10. joanne in ontario

    Personally, I think that it is absolutely ridiculous that super delegates have the right to hold such power. Barack Obama has already surpassed Hillary Clinton in delegates and there is no way she can catch up regardless of the outcome of Pennsylvania's results or the other remaining states. Barack Obama should have been declared the nominee by now. American politics what a screw up.

    April 22, 2008 at 11:27 am |
  11. Taj

    Jason: It is not over yet with PA. Superdelegates will decide after Indiana & Norh Carolina. By then we can be sure if at all Hillary has lost. The Case closed.

    April 22, 2008 at 10:46 am |
  12. Rob

    HRC cannot win even if she were to take the remaining states by an overwhelming majority.
    It's time that the Super-delegates put an end to the Clinton circus.

    April 22, 2008 at 10:28 am |
  13. Mr. J

    The delegates know they have no choise but back Hillary. They realize little Barry cannot win in the genaral. People who vote just for the word change or hope are the same people spend now and get in trouble later. Those are the same people that are calling for Hillary to get out because they can't take the heat. Even they are starting to realize they wasted all this money trying to buy the election.

    April 22, 2008 at 9:50 am |
  14. Lilibeth

    Jason, I just hope that whichever candidate the superdelegates support, that he/she will beat John McCain. At this point, this is what I care about. Who is more capable to debate John McCain on the issues convincingly? Who is more capable to take on the tough challenges on Day One? Who has shown more resilience, more grit, and more courage in this campaign? Who will get us out of this mess in terms of the economy, the war, and our standing with the world? I hope the superdelegates will think long and hard the answers to these questions, and ultimately decide on The One who will beat John McCain. Because if they don't and we lose as a result, I wouldn't want to have to say...I told you so.

    April 22, 2008 at 3:55 am |
  15. Lee-Florida

    If the superdelegate vote for Obama, they will be throwing this election away. because McCain will win in Nov over Obama

    April 22, 2008 at 1:45 am |
  16. Lisa

    Frankly, no one should be declaring anything until the final primary vote in June. There would still be 2 months for the party to regroup and present a united front. By declaring anything until the final primary vote, many voters will once again be disenfranchised if it appears their vote is not going to count in the final analysis.

    The unique thing about the US is our ability to select our representatives - you know, that thing about ONE PERSON, ONE VOTE - and yet, at every turn possible the two parties want to take that away from us. And we stupidly continue to allow it.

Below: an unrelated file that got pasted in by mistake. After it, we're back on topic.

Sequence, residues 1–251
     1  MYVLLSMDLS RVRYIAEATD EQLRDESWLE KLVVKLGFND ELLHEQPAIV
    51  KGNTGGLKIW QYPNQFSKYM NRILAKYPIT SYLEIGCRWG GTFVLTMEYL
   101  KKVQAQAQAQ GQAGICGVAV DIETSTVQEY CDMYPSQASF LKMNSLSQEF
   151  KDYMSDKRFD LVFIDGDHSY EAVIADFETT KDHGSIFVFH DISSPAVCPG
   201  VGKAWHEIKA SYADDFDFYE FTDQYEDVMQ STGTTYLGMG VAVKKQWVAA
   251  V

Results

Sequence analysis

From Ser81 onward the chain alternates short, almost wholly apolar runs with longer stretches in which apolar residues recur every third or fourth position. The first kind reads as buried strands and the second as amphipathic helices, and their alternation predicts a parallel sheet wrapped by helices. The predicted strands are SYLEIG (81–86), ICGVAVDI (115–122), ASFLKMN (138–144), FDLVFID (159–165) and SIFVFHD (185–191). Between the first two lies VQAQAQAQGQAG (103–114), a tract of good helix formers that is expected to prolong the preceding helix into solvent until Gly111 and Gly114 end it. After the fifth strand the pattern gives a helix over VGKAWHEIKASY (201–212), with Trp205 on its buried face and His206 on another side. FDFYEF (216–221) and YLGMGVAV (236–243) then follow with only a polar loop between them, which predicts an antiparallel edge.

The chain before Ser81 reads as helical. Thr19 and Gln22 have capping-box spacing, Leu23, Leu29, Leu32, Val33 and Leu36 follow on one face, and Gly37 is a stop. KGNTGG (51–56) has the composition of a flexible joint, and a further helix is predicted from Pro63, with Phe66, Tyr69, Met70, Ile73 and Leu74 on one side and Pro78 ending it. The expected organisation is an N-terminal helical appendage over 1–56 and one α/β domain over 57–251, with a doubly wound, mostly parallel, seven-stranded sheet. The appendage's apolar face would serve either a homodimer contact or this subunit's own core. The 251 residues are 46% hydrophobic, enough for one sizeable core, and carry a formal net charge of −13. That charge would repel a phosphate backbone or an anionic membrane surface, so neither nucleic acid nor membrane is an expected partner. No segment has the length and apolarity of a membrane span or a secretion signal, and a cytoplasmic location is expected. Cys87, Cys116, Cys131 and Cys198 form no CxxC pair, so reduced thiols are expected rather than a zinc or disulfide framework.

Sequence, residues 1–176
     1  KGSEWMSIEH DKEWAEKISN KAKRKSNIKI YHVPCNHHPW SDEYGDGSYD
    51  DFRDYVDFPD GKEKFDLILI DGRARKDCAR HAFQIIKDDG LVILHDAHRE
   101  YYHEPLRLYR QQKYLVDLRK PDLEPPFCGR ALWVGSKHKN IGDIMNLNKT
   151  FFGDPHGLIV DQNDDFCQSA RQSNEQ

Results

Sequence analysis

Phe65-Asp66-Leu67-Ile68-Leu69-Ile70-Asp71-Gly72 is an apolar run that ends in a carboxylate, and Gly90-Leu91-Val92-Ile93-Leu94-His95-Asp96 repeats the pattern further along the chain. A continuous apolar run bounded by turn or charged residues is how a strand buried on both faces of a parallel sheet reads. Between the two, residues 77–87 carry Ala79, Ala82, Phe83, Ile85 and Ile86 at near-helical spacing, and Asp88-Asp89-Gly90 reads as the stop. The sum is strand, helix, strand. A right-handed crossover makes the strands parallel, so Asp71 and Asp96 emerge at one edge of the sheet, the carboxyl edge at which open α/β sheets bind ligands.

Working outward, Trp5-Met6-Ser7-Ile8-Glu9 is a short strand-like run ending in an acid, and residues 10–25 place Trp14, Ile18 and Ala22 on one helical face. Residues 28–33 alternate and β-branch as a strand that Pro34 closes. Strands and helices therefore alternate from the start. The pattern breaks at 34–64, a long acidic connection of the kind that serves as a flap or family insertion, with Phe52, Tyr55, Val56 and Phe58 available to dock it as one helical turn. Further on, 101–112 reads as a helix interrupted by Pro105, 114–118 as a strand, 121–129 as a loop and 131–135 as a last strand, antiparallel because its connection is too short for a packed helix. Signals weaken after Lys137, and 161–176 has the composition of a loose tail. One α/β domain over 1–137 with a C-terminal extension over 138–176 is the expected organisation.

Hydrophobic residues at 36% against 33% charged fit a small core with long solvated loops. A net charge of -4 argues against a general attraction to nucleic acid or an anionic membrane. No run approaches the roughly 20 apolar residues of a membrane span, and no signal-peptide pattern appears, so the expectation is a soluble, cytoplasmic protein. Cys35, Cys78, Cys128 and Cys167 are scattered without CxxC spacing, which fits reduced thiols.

I will continue to hope that change does truly emerge as a result of this election - with the first change being in how the nominees are chosen, first by eliminating superdelegates, and second by ensuring that every vote counts – whether it be holding 5 Super Tuesdays (1/month – 10 states per month) or have a Super Primary vote day.

    There is truly nothing wrong with letting this thing run its course. It really is good for America.

    April 22, 2008 at 12:41 am |
  17. Charles

    After watching Clinton's performance over the last two weeks in Pennsylvania, I have decided that if she gets the nomination, I will not vote. I cannot vote for a Republican and I will not vote for her.

    April 21, 2008 at 11:34 pm |
  18. Patsy

    Voting for Hillary soley because she is female is as bad as voting for Obama soley because he is black. I am concerned that this Democratic election is about Black verses Female. And not about Better or Best, Right or Wrong, Good or Bad, etc. The democrates have built up so much hate for whoever they are NOT supporting for this primary.... they will never be able to pull it back together by November. Which is a good thing !!

    April 21, 2008 at 11:12 pm |
  19. Mary

    I'm so tired of people telling Hillary Clinton to get out of the primaries. Who do they think they are PUTIN. WE want Hillary to stay in this election because she is the right candiate for democrat nomination.

    What if you make a mistake in telling Hillary to quit. Obama isn't as electable as Hillary and then we get McCain.

    Hillary Clinton is a fighter, a much stronger person, a more knowledgeable candinate and the smartest person in Washington DC by far. PA give her double digits tomorrow. Hillary 08 don't wait

    Single women in PA depend on Hillary Clinton tomorrow. Hillary is a champion for women's rights. If in doubt vote of Hillary.

    April 21, 2008 at 10:46 pm |
  20. mike